1. Set your ISO to the lowest value possible for cleaner images. Tucker has his camera set at ISO 100. Feel free to raise it up a bit if you need to, but keep in mind that higher ISO means more digital noise.
  2. Depending on how much depth of field you need, set your aperture value. For images that have little in focus, set it to lower values like f/1.8. If you want a greater area of the subject in focus, like the entire face from front to back, use higher aperture values like f/8. Tucker sets the aperture at f/2.8.
  3. With the ISO and f-value set, it’s now time to set the shutter speed and flash power. Use a shutter speed that cuts out all the ambient light. This way, the only light that will affect your image will be the light from your speedlight. A simple way to do this is to turn the speedlight off and take an image. Then, preview the image to see if there is any light appearing. If yes, gradually increase the shutter speed until you get rid of any light. Then, you’re good to go. When you turn the speedlight on, its light will be the only light affecting the image. This is crucial as you really want to be in control of the light.
  4. To determine the power to set for the speedlight, start from somewhere in the middle like 1/16 or 1/8, and take a test image. Review your image to see if you need to increase or decrease the power and adjust until you’re happy with the final result.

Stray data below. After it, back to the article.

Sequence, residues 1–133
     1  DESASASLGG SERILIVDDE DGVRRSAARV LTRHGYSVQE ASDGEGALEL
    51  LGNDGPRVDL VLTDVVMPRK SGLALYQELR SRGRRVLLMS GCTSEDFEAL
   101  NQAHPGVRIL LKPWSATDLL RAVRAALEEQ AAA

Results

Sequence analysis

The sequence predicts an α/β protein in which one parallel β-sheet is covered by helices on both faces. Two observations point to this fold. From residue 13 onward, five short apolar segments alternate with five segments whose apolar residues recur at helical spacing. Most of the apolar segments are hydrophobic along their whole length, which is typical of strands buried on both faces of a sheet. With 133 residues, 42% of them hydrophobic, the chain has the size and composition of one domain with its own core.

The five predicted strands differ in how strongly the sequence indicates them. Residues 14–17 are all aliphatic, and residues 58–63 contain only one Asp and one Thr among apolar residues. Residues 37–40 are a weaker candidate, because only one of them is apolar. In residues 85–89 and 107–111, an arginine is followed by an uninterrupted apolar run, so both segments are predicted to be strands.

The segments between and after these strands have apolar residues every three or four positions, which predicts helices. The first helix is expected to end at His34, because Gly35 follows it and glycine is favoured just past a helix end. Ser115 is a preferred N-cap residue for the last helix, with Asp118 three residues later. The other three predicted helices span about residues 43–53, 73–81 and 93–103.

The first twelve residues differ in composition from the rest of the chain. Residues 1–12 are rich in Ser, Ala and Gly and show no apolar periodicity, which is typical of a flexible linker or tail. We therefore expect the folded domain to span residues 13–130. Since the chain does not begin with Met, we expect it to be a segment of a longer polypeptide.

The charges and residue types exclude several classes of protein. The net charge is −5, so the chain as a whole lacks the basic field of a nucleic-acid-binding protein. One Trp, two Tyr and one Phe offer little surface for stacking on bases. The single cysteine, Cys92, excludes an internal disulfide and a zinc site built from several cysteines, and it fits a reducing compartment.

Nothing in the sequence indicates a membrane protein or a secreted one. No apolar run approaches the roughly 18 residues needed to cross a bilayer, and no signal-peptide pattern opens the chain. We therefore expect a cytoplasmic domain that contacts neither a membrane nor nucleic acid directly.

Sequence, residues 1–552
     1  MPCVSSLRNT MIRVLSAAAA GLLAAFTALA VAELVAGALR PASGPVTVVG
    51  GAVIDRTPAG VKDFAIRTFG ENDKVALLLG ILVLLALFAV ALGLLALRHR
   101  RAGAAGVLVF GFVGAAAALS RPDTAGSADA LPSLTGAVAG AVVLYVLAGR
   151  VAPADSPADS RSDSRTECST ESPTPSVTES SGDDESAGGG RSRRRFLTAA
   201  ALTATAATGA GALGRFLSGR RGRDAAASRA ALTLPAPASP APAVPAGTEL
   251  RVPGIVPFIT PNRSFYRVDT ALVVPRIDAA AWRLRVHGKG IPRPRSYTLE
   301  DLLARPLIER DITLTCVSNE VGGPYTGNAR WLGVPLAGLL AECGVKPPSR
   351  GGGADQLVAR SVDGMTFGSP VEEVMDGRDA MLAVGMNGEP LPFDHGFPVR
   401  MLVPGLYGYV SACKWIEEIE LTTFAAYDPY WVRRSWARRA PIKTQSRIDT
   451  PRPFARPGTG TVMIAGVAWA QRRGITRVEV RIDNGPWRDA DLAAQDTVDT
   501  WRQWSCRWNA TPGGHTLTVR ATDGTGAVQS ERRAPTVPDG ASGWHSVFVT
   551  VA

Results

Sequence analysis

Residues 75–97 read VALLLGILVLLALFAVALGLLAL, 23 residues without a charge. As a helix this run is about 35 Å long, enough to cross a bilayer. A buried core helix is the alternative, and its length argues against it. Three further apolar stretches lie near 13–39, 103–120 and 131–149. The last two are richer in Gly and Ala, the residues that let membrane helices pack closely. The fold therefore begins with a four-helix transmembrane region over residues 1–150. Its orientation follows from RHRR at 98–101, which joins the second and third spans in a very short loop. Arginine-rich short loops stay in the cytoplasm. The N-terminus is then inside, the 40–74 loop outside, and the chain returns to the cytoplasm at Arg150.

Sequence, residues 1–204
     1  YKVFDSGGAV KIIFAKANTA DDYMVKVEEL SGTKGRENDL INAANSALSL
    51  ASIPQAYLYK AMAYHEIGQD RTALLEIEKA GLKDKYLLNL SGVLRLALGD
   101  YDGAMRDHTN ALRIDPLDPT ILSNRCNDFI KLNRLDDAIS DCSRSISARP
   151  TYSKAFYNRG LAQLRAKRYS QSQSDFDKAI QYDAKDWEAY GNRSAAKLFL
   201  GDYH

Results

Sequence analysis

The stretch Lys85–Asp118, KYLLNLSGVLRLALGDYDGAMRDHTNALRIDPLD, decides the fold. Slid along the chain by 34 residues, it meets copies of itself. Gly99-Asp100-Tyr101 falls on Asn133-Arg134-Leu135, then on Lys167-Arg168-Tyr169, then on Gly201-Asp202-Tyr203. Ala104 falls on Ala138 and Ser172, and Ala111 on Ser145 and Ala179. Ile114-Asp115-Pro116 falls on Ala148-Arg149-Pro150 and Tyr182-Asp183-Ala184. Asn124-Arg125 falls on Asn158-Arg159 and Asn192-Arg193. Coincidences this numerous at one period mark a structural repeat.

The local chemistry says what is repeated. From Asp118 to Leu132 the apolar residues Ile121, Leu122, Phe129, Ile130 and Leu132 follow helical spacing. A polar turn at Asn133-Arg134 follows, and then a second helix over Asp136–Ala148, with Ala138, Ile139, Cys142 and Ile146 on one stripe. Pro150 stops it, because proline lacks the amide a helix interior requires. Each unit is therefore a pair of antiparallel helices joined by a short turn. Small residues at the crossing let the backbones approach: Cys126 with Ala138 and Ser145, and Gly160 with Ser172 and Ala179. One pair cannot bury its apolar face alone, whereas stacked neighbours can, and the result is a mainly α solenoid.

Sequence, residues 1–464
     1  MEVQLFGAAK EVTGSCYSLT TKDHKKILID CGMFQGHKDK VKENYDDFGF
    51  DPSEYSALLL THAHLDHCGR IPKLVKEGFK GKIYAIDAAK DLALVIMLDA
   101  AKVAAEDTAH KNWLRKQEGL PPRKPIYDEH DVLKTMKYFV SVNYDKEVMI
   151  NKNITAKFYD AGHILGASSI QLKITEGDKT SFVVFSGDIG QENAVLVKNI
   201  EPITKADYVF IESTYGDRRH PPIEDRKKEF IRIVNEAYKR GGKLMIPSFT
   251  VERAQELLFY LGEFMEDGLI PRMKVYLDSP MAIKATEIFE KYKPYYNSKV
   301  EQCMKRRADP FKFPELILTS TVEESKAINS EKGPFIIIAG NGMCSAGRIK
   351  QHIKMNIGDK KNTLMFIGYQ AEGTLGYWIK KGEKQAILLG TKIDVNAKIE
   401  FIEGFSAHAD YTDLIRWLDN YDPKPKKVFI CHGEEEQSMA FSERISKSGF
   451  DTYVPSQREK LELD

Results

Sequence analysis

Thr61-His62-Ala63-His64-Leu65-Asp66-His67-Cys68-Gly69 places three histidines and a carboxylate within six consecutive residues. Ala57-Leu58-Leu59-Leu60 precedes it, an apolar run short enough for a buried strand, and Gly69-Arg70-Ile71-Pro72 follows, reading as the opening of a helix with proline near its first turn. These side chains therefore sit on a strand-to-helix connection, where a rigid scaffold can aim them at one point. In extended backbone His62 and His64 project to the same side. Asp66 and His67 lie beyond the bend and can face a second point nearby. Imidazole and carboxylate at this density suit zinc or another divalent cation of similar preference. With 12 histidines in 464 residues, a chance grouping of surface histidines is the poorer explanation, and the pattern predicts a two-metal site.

Setting a Correct White Balance

Setting the white balance correctly is important for getting accurate colors. To ensure flexibility over white balance, make sure that you shoot in raw. Then, have your subject hold a grey card while making sure that the light that strikes the subject falls on the grey card as well.

Do this for the first shot, and later, when editing, you can use the white balance picker on the grey card to set the exact white balance.

“Different cameras treat colors slightly differently. This helps you technically to get right where you need to be.”

Filling the Shadows

If the shadows are appearing a little harsh, you can use simple handheld reflectors to fill them up. Pointing a reflector toward the shadows will bounce off some light and make them appear softer. However, be sure not to overdo it. You’d want to keep some shadows to shape the subject.

using a reflector for portraits

Another benefit of using a reflector is that it adds catchlighs to the subject’s eyes. This makes the eyes pop and adds life to the photo.

As Tucker has demonstrated, with a simple and easy to follow setup, you can easily take better portraits.

“Don’t let lack of money or huge amounts of fancy gear put you off. If you can get together enough just to get this basic kit, you can produce really good images that you can be very proud of.”

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2 responses to “Single Speedlight Portrait Tutorial”

  1. Timothy Johnson says:

    Nice. Informative. Thank You.

  2. Mike Kearns says:

    I needed this to reset my thinking on using speed lights. I’ve got three different triggers with different systems. As a result I must use manual mode and different speed light brands as remote optical triggers to work together.